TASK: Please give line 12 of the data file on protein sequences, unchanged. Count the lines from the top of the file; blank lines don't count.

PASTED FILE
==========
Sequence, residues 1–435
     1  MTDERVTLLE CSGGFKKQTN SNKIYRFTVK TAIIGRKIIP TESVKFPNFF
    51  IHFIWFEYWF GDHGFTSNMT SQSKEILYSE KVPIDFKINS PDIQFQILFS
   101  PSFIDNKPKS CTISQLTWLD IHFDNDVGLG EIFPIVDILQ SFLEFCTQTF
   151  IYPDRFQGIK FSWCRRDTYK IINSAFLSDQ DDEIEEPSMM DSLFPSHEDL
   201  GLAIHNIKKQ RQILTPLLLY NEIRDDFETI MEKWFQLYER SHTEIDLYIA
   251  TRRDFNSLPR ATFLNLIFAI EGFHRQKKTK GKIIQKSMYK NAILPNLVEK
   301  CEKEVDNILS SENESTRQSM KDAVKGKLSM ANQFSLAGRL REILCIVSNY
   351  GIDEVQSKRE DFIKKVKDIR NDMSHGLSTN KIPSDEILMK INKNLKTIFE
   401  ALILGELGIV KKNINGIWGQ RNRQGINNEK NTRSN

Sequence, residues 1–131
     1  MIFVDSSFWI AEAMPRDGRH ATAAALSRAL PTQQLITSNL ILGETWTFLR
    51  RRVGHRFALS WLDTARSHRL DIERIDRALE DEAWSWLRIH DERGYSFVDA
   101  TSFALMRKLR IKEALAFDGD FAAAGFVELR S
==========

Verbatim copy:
     1  MIFVDSSFWI AEAMPRDGRH ATAAALSRAL PTQQLITSNL ILGETWTFLR